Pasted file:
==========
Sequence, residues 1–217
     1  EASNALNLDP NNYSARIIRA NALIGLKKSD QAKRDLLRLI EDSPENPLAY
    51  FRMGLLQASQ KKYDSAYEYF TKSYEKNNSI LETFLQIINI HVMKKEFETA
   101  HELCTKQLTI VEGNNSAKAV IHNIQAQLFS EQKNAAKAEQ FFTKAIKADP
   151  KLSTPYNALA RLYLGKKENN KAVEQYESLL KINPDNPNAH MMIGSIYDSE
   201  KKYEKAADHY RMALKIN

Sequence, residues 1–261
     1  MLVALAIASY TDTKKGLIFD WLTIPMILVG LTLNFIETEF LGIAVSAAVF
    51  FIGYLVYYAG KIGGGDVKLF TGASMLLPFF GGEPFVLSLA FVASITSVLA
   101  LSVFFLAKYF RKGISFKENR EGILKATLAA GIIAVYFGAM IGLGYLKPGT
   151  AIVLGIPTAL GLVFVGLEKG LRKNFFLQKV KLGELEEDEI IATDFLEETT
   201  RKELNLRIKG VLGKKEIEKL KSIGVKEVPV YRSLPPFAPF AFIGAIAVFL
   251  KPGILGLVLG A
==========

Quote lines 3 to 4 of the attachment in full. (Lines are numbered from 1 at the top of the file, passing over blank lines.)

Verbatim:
    51  FRMGLLQASQ KKYDSAYEYF TKSYEKNNSI LETFLQIINI HVMKKEFETA
   101  HELCTKQLTI VEGNNSAKAV IHNIQAQLFS EQKNAAKAEQ FFTKAIKADP